Solidarity shown after internet threat to Muslim people

By Jessica Suico, Assistant News Editor

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After a global internet threat went out on April 2 encouraging a “Punish a Muslim Day,” the Contra Costa College counseling department responded with a community outreach awareness table for Muslim students in the Campus Center Plaza.

Messages by students of support and love to the Muslim community such as “Stay strong,” “We support you,” and “We stand in solidarity with our Muslim brothers and sisters” covered colorful boards.

“I saw a picture online about ‘Punish a Muslim day’,” Muslim Student Association President Rayah Alammari said, “I didn’t think too much of it, but some of my friends didn’t feel comfortable coming to school.”

The formation of the table had help from the counseling department, the Muslim Student Association (MSA) and the Science Technology Engineering Math (STEM) program.

According to a www.bustle.com article by Sarah Beauchamp, “Punish a Muslim Day,” only highlights what Muslims in the U.S. already go through.

The threat was created by a group of people in the United Kingdom as a “holiday” calling for cruel acts against people of the Muslim faith.

Within hours the threat made its way to the United States.

“The importance of having the table was to give Muslim students on campus the ability to know they are safe and loved,” CCC counselor Norma Valdez-Jimenez said. “We want to give them opportunities to voice themselves if they don’t feel this way on campus.”

Valdez-Jimenez said she heard about the threat through her friend and co-worker Mayra Padilla.

Padilla, who is CCC’s dean of institutional effectiveness and equity, called Valdez-Jimenez that night and they both brainstormed an idea to help spread awareness and support to the Muslim students on campus.

Through brainstorming, Valdez-Jimenez and Padilla put together the table to show their support to the Muslim community on campus.

Alammari said she felt the support and love when she came to school after the threat.

“I saw the support table for Muslims in the Campus Center Plaza and was escorted to my classes by Police Services to feel safe,” Alammari said.

“It doesn’t just benefit the Muslim students on campus, it benefits everyone because people who aren’t aware of the Muslim community and the hardships Muslims go through were able to get the awareness and information too,” she said.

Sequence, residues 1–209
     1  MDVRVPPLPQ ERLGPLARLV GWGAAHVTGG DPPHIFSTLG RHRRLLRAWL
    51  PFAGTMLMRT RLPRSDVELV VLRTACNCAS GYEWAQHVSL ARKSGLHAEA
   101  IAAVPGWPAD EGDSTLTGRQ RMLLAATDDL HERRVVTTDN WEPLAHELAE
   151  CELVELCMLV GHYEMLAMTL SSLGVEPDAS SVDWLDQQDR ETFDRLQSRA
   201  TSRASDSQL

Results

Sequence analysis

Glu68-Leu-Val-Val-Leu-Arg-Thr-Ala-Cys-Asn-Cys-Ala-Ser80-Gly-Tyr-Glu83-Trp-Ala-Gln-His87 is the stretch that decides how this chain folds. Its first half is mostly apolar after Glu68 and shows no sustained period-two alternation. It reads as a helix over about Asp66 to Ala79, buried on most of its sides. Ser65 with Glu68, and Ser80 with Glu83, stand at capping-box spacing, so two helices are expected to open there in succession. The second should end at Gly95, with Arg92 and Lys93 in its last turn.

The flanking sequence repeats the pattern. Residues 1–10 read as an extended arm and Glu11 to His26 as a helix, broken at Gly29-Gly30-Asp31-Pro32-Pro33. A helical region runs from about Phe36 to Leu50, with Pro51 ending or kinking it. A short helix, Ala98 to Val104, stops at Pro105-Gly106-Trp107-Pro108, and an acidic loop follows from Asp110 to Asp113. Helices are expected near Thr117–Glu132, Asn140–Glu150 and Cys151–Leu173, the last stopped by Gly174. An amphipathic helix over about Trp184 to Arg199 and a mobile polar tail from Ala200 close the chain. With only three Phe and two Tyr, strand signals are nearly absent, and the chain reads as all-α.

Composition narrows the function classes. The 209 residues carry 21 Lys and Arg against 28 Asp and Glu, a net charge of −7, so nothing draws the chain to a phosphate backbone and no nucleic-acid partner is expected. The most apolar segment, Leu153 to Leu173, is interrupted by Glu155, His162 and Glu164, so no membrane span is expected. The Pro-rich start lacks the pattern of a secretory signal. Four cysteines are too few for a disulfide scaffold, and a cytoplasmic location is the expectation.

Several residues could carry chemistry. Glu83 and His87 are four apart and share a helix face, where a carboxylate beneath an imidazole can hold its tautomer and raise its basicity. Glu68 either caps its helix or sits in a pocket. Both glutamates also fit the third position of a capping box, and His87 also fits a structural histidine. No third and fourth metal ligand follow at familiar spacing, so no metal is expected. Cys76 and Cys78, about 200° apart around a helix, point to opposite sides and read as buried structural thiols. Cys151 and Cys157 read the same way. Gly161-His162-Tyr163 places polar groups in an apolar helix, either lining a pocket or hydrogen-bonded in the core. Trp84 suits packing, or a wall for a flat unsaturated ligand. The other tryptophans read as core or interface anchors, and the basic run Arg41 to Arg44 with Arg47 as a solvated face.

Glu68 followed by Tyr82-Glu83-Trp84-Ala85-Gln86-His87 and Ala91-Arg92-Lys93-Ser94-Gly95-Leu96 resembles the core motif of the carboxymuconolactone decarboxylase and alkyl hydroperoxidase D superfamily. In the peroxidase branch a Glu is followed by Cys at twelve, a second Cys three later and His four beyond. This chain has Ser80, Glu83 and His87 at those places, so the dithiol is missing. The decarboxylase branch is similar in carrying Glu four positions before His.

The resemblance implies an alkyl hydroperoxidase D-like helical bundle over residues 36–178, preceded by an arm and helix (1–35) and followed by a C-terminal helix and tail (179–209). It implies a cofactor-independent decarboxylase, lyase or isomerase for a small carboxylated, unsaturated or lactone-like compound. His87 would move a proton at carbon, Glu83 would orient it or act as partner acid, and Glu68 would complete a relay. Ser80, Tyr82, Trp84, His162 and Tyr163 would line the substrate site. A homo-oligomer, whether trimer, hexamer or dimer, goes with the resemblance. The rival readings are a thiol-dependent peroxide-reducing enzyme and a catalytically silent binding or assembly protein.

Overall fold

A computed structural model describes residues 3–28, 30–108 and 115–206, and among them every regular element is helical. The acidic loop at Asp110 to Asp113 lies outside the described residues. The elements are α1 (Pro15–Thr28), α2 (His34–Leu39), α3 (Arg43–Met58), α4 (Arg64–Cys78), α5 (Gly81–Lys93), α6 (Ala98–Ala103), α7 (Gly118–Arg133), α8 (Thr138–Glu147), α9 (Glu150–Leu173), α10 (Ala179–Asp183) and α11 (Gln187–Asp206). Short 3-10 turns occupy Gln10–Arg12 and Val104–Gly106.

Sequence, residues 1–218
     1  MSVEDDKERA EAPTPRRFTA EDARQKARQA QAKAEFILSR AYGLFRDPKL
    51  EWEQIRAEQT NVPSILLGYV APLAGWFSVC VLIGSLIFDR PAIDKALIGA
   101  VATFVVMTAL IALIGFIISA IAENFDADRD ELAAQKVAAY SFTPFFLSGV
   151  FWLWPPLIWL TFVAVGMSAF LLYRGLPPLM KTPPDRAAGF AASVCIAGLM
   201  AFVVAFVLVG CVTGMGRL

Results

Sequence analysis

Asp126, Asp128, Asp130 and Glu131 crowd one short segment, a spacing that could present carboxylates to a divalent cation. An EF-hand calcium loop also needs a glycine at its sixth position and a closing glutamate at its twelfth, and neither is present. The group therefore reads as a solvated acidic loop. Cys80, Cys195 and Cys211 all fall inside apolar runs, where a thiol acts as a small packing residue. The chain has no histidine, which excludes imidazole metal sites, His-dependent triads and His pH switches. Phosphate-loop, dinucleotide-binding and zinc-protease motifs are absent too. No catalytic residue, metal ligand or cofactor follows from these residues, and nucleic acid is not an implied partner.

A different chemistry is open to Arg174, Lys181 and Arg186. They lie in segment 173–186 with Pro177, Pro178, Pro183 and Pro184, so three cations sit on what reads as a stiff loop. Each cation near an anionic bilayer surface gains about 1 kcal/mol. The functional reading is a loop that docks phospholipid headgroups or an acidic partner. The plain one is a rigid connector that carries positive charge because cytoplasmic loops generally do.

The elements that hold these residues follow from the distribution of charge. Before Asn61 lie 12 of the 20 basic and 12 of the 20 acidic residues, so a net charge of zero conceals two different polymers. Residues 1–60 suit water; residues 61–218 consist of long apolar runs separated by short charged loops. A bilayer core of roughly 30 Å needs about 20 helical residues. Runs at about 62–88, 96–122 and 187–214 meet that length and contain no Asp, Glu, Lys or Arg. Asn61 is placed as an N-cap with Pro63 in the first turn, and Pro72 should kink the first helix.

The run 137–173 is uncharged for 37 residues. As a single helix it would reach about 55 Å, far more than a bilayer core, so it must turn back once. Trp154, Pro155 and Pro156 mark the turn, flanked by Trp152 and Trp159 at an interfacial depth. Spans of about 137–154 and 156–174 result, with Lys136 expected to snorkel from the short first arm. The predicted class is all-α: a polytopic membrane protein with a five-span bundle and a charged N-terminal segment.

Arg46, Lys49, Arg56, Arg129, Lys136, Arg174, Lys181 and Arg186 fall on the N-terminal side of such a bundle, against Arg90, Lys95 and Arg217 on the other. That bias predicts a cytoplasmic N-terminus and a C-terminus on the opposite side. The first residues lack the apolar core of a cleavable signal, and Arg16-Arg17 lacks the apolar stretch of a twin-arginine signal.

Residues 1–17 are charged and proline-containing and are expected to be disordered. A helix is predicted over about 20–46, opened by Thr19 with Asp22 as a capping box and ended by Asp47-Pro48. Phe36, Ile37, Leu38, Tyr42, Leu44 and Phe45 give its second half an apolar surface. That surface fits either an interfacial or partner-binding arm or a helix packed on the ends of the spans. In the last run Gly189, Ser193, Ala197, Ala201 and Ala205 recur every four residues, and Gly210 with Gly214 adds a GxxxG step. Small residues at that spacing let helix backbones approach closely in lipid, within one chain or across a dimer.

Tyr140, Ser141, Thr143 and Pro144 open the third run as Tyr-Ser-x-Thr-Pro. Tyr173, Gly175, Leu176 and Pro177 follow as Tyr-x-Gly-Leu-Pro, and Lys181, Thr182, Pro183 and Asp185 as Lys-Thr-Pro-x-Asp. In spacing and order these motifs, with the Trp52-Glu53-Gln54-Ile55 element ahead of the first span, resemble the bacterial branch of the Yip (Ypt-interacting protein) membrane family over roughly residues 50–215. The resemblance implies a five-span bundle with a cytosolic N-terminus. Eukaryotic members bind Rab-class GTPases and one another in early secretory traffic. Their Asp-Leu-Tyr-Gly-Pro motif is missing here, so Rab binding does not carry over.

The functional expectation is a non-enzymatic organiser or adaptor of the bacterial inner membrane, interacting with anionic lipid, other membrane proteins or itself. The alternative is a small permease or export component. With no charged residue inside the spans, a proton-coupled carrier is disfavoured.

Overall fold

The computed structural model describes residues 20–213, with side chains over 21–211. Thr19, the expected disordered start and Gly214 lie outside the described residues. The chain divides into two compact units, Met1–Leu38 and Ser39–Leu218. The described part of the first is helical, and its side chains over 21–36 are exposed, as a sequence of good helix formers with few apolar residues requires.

On April 27, Padilla held a meeting with the MSA to discuss a further date to organize a more in depth workshop and forum surrounding the plights of the Muslim community on campus.

Padilla said they’re figuring out a good date and time to have activists come and talk about the inclusivity of community to students on campus.

Aiming for late May, Padilla said the activists will be addressing the positives and negatives plaguing the Muslim community, the local challenges they face, and how to help incorporate support from the college community.

“There will be a professional counselor who will be addressing community justice and giving information and resources to worried Muslim students and students in general,” Padilla said.

English major Nada Dobashi said, “Having that awareness table helped me feel safe on campus. My mom wouldn’t let me come to school the day after the threat, but the second day I came Police Services escorted me to my classes. I got a lot of support from students on campus. It made me happy to see the campus taking action.” 

“I am a U.S. citizen,” Dobashi said. “Just because I wear something different doesn’t mean I am different from anyone else.”

Alammari said the table benefitted the campus and its students. It helps the community gain a stronger understanding of the Muslim community.

“A lot of us think we know and understand everything until there is a harmful or negative action happening,” she said. “People then start opening their eyes to what is really going on. It is hard to be equal when there is so much judgment against religion.”

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